(BIVN) – Hōlualoa Elementary School staff, students, and families rallied in Kona on Thursday, after the Hawaiʻi State Teachers Association raised concerns about conditions at the school a little over a week ago.
In a news release detailing Thursday’s sign waving event, organizers said “health and safety concerns at the school are serious and they’ve been impacting local children and teachers for years.”
“We are pleased to see so many other groups, like Holualoa’s Parent Teacher Organization join together in this effort,” said Hawaiʻi State Teachers Association president Osa Tui, Jr. “It shows that we all want a permanent and long lasting solution to address these health and safety issues. We hope the department keeps making progress to fix problems on the campus that currently make it difficult for the keiki to learn and thrive.”
“Our educators are the gems of our school. It’s hard to retain teachers and attract new talent when our aged facilities scare them away!” said Sarah Teehee of the Hōlualoa School PTO and a member of School Community Council. ” We have asked DOE leadership and our State Sen. Dru Kanuha and Rep. Kirstin Kahaloa to work closely with us to resolve immediate safety issues and move the Master Plan forward from paper to construction.”
This news release was shared by the event organizers:
Approximately 45 people gathered Thursday, March 2, 2023 on Queen Kaahumanu Highway in Kailua-Kona to raise their concerns to the Hawaii Department of Education and the entire community about unsafe conditions on the campus and to call for immediate action and long-term solutions. The concerns were revealed to the public in a recent news conference by the Hawaii State Teachers Association (HSTA) that provided visual evidence of persistent problems at the school, including mold, asbestos, lead paint, structural damage, broken bathrooms, termites, rats, and reported illnesses and associated absences of staff members and students.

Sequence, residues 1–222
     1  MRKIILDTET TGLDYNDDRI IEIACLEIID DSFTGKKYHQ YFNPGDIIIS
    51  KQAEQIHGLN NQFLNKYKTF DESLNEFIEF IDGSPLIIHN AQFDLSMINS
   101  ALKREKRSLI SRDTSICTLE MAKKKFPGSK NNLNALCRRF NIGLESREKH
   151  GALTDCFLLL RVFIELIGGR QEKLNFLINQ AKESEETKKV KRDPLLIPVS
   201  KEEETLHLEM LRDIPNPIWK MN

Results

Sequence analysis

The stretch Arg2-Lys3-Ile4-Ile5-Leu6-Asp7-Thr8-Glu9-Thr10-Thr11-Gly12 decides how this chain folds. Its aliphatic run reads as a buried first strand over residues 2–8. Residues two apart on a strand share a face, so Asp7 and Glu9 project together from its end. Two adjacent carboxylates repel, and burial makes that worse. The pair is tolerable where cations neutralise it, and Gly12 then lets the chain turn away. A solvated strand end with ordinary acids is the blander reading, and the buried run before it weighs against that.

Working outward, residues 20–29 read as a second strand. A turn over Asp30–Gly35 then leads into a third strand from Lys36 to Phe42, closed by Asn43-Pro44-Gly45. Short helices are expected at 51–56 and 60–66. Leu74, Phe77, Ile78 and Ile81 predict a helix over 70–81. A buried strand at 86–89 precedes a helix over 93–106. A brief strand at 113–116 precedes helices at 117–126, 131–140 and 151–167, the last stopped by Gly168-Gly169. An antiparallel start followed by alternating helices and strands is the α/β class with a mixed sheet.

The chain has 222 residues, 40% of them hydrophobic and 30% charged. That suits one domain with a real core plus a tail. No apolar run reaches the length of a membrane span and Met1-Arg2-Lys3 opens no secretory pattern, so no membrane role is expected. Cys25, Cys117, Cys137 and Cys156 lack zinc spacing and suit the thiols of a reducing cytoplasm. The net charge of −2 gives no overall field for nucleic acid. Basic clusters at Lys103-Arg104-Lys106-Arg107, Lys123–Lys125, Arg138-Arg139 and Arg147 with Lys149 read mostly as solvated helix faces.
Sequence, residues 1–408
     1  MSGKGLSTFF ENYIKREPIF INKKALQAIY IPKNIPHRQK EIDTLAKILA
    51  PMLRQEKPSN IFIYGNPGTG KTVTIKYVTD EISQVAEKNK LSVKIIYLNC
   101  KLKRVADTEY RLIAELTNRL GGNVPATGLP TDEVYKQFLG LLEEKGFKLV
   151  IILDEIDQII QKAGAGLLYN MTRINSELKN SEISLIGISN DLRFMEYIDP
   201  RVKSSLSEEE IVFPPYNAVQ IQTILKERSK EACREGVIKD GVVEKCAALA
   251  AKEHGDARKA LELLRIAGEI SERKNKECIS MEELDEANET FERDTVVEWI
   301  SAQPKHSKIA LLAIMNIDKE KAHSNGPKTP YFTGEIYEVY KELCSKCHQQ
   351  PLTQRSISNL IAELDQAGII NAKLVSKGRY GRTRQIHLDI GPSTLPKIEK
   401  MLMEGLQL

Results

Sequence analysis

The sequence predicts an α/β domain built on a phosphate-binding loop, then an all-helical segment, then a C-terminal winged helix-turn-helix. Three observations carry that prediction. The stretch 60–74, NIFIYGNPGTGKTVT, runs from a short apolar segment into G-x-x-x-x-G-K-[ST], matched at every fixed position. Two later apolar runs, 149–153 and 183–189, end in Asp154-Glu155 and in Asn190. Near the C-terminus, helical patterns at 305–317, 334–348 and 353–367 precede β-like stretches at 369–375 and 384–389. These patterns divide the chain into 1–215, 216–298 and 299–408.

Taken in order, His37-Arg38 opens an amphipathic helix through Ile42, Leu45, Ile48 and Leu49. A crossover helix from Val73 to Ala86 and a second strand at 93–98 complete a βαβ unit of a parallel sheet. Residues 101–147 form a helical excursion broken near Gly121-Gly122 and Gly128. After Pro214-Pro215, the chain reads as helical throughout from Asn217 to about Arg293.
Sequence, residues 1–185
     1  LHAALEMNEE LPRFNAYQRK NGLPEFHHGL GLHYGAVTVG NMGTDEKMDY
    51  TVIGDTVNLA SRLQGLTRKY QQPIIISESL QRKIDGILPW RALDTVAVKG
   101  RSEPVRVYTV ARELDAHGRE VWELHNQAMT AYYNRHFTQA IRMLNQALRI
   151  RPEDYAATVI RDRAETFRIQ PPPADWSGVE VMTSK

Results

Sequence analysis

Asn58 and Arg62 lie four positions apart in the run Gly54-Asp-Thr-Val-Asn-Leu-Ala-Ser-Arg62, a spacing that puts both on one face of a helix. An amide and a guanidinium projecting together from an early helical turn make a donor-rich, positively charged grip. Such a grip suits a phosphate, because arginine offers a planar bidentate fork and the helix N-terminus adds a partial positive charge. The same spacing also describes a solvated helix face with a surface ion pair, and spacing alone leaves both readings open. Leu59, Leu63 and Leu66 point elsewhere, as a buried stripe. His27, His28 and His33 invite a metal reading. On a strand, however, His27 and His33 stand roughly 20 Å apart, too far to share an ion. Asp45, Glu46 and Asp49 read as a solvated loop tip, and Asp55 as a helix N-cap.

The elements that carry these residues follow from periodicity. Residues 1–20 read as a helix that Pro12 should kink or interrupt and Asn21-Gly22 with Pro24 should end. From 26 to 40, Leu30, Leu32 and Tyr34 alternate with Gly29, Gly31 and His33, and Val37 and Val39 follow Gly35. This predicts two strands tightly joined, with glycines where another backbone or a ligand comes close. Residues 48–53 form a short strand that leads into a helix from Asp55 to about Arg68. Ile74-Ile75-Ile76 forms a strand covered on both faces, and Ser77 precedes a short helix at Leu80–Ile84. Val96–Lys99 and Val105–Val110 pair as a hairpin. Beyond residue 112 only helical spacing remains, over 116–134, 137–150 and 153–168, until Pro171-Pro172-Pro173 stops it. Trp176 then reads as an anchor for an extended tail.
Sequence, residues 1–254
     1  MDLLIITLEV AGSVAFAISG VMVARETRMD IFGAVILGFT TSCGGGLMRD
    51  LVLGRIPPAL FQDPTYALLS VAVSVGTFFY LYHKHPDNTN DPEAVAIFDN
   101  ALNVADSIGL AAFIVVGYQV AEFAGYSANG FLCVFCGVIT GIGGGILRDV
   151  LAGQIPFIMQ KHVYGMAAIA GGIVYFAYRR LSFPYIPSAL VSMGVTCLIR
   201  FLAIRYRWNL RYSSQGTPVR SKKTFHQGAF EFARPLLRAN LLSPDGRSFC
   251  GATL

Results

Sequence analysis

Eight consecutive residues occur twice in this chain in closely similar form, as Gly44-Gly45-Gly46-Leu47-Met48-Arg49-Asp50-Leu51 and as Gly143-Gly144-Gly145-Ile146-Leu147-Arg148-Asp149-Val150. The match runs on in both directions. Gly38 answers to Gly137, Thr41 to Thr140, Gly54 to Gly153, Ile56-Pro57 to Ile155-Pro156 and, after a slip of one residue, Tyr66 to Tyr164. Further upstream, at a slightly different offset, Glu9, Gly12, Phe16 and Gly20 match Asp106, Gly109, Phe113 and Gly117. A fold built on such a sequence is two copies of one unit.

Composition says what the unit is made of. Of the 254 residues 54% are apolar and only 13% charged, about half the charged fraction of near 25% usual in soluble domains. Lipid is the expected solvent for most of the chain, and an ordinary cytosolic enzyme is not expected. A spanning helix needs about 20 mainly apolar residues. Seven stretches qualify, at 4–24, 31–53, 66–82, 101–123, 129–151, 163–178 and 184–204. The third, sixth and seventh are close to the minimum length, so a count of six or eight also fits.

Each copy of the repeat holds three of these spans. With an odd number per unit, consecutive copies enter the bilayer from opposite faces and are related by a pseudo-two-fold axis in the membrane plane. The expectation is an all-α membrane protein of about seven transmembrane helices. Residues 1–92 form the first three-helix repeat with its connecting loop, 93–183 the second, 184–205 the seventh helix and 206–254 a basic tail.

This sign waving event was organized by the Holualoa School Parent Teacher Organization (PTO), which has been urging investment in Holualoa Elementary School, by conducting thorough campus-wide assessment of all buildings, and implementing emergency remediation and a clear commitment to long-term solutions.
Since last week’s news conference, few details have been announced by the Hawaii DOE on how it plans to deal with this crisis. Despite a letter from the school principal, Glenn Gray, to families on February 26 that mentioned the arrival of dehumidifiers, as well as plans to renovate two classrooms, no concrete plan and timeline has been provided to remediate mold infestation in virtually all classrooms, rat infestation, asbestos, lead paint, or how structural concerns are going to be addressed. However, the community’s recent efforts may be beginning to yield results. On Wednesday, a professional cleaning company was on campus and began cleaning in the cafeteria.
Some parents and members of the School Community Council have been on a months-long quest to gain more transparency and accountability from the DOE for these long-standing issues. They want to know about immediate remediation including expediting procurement of assistance needed, and how soon a thorough investigation of all campus buildings will occur so that parents can make informed choices about risks to their student(s).
The SCC also has asked about funding provided by the Legislature for Holualoa School, where the funds have gone, what projects the Hawaii DOE has contracted in response to the school’s long-contemplated Master Plan and what is blocking further forward progress to this planning, warranted by the age of school facilities and the fact a public roadway passes thru campus.
Many attendees at the Thursday event expressed that the health and safety issues at Holualoa Elementary have been ongoing for years and are unacceptable, infringing upon the rights of students and teachers to a safe learning environment. Providing a safe school environment is a fundamental responsibility for schools under federal, state, and local laws. The Holualoa School PTO believes the sign waving event was an effective way to remind the state and wider community about that responsibility. Holualoa School PTO supports teachers, parents, and the wider community by advocating for improved safety standards and for future investments by making certain that the school’s needs will remain a priority for the DOE and lawmakers.
For more information or to help support Holualoa Elementary, email the Holualoa School PTO at HolualoaSchoolPTO@gmail.com
by Big Island Video News
KONA, Hawaiʻi - Parents and teachers say they are still waiting to hear specifics from the Hawaiʻi DOE on how and when it will address numerous health and safety issues at the school.